By all accounts, local business leader Cliff Powell was a man who took to heart the Gospel charge to love one another, finding creative solutions that helped the community he loved.
Powell, 57, owner and operator of Super Gallo Mercado and Green-Go Check Cashing with wife, Kari, died Feb. 9 in Jacksonville after a long illness.
“From what I know, Cliff was a very benevolent, caring, compassionate employer,” said Jana Humphrey, who met the Powells more than a decade ago in a Sunday school class in Tyler.
“I think he was always concerned about the well-being of the people who worked for him – and what I'm hearing from others, especially since his passing, Cliff did so many things anonymously to help people. He and his wife would see a need, and they would respond. He had a very generous heart,” she said.
Bonnie Barringer, who first started working with Powell 24 years ago as a secretary at Powell Plant Farm, recalled how her boss – then vice president of the operation – took note of a lack of services directed toward the large Hispanic population working for the plant farm.
“Most of them were Hispanic, so he and Kari started Super Gallo and Green-Go because they knew there was a need not being met in the Hispanic community,” Barringer said. “This is why they started these businesses, to assist the community, as well as the growing number of Hispanics.”
Powell led by example, inspiring his employees to serve the community through projects like People Helping People, a holiday food sales project at the grocery store that helped raise funds to create food baskets for families in need.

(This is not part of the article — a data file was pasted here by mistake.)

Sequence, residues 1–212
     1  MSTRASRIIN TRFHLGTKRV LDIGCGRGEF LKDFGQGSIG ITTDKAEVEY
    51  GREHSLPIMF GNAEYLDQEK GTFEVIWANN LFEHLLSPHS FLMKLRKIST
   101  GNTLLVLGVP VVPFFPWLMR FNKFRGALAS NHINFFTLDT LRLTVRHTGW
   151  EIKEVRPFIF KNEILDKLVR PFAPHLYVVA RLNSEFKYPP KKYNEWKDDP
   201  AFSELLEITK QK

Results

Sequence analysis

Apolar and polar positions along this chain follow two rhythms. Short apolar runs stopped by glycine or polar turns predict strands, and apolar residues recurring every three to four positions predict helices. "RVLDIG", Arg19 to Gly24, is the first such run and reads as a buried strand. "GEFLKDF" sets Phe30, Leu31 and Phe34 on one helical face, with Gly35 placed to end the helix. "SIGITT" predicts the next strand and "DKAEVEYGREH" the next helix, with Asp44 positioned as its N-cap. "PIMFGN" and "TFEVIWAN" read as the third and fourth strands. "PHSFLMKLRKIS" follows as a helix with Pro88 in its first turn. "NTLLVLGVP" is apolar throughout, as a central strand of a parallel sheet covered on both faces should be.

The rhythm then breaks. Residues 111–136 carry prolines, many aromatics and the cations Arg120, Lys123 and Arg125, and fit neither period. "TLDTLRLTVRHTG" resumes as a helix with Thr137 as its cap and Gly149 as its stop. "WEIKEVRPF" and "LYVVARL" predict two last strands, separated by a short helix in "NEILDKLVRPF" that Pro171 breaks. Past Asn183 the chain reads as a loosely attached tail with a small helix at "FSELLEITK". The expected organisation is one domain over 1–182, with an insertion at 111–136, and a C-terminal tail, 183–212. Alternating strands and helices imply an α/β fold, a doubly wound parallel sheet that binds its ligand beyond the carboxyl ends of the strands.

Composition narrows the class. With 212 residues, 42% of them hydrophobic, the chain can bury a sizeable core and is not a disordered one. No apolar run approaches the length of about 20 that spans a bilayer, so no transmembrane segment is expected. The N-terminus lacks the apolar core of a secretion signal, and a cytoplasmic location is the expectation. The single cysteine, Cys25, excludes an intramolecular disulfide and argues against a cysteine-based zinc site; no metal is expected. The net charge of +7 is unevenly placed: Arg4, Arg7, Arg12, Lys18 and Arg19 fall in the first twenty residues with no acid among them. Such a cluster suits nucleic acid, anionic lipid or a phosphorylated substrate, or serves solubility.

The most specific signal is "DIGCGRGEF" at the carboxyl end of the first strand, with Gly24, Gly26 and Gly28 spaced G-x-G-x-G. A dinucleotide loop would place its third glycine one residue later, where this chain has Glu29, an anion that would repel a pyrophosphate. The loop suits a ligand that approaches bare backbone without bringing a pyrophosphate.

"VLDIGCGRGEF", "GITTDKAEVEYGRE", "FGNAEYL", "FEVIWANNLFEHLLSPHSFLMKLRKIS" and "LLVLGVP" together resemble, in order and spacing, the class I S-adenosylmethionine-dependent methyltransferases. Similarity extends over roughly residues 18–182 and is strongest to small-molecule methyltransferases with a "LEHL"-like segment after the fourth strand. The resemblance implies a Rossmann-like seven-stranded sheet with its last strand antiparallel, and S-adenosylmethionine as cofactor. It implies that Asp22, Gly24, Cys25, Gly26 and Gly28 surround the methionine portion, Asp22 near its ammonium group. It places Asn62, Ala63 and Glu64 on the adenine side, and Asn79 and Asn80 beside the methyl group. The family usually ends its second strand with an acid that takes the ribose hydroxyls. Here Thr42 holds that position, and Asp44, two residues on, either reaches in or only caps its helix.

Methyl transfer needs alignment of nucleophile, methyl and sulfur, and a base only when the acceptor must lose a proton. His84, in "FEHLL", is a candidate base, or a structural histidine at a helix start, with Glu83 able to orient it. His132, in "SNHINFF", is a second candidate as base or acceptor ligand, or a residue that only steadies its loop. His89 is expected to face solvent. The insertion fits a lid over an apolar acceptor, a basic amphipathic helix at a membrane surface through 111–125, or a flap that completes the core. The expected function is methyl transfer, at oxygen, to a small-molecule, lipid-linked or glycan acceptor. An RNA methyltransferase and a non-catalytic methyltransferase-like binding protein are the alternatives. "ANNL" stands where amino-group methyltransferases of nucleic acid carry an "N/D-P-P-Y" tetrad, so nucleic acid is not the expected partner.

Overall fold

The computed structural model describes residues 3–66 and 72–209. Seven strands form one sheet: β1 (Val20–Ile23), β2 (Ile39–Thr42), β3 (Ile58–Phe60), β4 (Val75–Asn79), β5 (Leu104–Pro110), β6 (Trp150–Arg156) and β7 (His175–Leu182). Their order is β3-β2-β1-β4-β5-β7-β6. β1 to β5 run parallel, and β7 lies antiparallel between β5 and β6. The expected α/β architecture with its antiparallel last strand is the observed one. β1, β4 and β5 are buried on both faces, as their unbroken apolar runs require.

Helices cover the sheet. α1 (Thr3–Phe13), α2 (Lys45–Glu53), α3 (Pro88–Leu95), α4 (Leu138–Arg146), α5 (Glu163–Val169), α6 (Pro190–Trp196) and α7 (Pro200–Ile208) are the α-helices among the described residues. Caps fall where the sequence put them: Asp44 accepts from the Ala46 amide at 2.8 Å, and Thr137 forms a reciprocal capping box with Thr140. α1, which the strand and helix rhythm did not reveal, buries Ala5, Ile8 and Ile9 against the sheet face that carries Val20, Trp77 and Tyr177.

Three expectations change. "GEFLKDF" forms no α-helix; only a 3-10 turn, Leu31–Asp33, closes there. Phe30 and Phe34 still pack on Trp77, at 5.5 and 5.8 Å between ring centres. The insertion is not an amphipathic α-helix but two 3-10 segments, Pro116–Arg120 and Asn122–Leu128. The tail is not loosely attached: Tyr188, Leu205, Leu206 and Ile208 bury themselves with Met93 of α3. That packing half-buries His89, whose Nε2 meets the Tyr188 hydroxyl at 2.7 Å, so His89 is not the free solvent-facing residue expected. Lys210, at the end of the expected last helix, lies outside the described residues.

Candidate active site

“These were the kinds of things he and his wife were behind, but he didn't want any praise – he said that all praise went to the Lord, because they felt blessed in what they had and they wanted to give back,” Barringer said. “He was the type of man who just went out and got things done.”
As a result, his business family became as dear as his own, she noted.
“He was a close friend to all his employees, and even through his sickness, he wanted them to know how much he appreciated them and their support,” she said. “I don't know an employee here who doesn't love him and Kari. They're good people. Their commitment to their business and to the people that work there is very important to them.”
Barringer, who serves as office manager for the check-cashing store and does the books for the grocery store, said Powell's widow has reassured employees that for the time being, “right now, it's business as usual.”
Humphrey said Powell's loss “makes a big impact,” not just among their friends, but in the Jacksonville business community.
“He was so heavily invested in Jacksonville, and I think he really cared deeply about the community itself – the educational system, the businesses there,” she said. “I think he really loved that community and poured himself into it. Cliff is a man who loves God, who loves people, and I think when you lose anybody like that, it makes a big impact.”
Visitation will be held from 9:30-11 a.m. today at Central Baptist Church in Jacksonville.
Funeral services follow at 11 a.m. at the church, with Reverends Bryan Grant, David Butler, Vernon Lee, Darin Wood and Dale Jamerson officiating.
Powell is survived by his parents Billy and Ada Ruth Powell of New Summerfield; his wife, Kari; their children Jason Powell, Brandon Powell, Jordan Powell, John Hord, Cortney Holman and Kelsi Templeton; and nine grandchildren.